The good and bad of children’s books by celebrities

Letters

Celebrity titles can be a useful gateway into reading, but publishers should bear in mind their responsibility for maintaining a wide and diverse authorial base, writes Andrea Marks

Little girl pretending to read a book
‘I share the concern that by siphoning off advances and marketing budgets, celebrity authors are squeezing out many children’s authors.’ Photograph: Alamy
‘I share the concern that by siphoning off advances and marketing budgets, celebrity authors are squeezing out many children’s authors.’ Photograph: Alamy

Last modified on Mon 14 Dec 2020 13.35 EST

Having spent many years developing initiatives to encourage children to read, I share the concern that by siphoning off advances and marketing budgets, celebrity authors are squeezing out many children’s authors (Famous first words: how celebrities made their way on to children’s bookshelves, 12 December). At the same time, I agree with James Daunt that celebrity titles can be gateways into reading “particularly for boys who don’t read very well”.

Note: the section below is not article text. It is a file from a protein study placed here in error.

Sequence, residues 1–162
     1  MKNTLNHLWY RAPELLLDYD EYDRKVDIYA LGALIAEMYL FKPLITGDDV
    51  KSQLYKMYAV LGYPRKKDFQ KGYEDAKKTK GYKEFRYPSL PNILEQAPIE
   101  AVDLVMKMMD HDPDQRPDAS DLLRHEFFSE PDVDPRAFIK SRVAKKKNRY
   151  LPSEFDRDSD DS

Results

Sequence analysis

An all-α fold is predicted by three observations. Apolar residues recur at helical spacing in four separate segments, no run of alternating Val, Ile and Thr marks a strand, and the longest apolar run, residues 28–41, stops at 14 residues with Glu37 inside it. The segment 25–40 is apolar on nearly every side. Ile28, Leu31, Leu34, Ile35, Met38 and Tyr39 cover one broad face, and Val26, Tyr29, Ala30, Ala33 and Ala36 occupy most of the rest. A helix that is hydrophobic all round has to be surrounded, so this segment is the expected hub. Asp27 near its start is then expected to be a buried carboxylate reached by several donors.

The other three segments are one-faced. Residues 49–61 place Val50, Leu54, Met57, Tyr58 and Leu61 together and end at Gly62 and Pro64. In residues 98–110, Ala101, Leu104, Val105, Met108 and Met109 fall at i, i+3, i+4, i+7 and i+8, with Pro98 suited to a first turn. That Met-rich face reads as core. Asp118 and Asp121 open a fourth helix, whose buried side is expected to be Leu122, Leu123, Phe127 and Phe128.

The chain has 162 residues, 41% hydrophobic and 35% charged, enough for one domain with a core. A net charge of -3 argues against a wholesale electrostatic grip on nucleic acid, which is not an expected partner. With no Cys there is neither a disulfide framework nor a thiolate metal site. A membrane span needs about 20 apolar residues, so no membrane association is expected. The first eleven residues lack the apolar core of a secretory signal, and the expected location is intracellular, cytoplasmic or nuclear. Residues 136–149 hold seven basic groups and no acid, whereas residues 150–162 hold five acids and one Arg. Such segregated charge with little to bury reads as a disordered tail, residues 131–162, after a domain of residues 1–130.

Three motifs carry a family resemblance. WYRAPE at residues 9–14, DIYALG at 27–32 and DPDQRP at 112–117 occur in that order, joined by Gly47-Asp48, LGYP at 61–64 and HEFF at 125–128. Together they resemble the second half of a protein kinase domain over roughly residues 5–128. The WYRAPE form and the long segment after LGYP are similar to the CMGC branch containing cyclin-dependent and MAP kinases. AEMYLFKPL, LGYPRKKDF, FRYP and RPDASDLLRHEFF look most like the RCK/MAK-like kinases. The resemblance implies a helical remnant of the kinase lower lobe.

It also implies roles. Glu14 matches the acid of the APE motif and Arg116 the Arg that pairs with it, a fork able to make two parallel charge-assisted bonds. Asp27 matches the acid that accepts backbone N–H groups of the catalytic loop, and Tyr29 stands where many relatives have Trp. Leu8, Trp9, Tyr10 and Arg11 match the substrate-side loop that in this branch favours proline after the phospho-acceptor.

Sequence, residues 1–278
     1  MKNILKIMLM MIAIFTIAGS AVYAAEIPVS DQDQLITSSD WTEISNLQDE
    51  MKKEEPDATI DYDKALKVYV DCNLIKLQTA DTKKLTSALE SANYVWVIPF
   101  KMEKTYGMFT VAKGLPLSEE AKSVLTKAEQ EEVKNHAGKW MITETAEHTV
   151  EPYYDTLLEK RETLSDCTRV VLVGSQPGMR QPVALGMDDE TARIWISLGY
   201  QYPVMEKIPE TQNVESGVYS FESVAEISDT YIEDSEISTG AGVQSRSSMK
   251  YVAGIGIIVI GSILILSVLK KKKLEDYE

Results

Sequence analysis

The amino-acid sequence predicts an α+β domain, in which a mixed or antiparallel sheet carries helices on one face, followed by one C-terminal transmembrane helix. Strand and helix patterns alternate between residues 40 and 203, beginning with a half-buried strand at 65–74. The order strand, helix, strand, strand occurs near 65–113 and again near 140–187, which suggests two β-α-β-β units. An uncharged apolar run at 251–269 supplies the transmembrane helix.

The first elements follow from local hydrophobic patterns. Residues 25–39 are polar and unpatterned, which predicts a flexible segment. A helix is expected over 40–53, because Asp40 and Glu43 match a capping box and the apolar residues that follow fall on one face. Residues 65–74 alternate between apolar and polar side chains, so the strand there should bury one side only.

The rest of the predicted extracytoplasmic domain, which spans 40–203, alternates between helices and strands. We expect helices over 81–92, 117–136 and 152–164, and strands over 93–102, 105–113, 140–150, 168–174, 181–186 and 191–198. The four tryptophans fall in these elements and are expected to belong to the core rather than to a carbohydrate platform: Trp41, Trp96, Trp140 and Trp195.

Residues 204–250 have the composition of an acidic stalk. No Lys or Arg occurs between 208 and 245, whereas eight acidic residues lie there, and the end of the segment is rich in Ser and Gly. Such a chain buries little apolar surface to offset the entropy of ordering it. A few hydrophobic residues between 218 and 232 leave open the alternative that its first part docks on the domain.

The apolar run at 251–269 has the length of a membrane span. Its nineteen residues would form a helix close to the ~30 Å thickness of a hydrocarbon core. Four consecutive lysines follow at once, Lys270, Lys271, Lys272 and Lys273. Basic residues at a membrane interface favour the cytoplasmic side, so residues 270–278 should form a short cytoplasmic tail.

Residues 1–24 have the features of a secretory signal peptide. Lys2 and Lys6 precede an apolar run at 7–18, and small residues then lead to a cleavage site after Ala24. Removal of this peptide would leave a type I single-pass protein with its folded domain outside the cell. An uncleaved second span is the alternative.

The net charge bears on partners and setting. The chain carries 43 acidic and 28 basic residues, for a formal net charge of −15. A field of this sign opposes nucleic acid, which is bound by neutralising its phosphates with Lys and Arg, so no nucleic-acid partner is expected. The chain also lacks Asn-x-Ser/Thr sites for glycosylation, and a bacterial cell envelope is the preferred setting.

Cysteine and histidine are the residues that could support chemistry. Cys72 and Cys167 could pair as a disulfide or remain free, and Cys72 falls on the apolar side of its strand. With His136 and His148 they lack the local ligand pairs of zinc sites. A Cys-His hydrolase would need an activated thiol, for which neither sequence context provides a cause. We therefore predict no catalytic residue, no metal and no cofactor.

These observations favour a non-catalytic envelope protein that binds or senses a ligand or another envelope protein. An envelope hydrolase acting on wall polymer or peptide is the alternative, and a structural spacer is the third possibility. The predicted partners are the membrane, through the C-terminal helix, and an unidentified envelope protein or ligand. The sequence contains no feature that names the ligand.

When I ran Dillons’ young reader competition, which invited children to write about the books they read (a young Caitlin Moran was one of our first winners), entries from boys nearly always cited a book about a sport or hobby as their first introduction to reading for pleasure; if books by figures they admire can serve the same purpose, we should not discount them. What is needed is more financial continence from publishers, who should bear in mind their responsibility for maintaining a wide and diverse authorial base, so they are still writing when the celebrities have moved on.
Andrea Marks
Edgware, London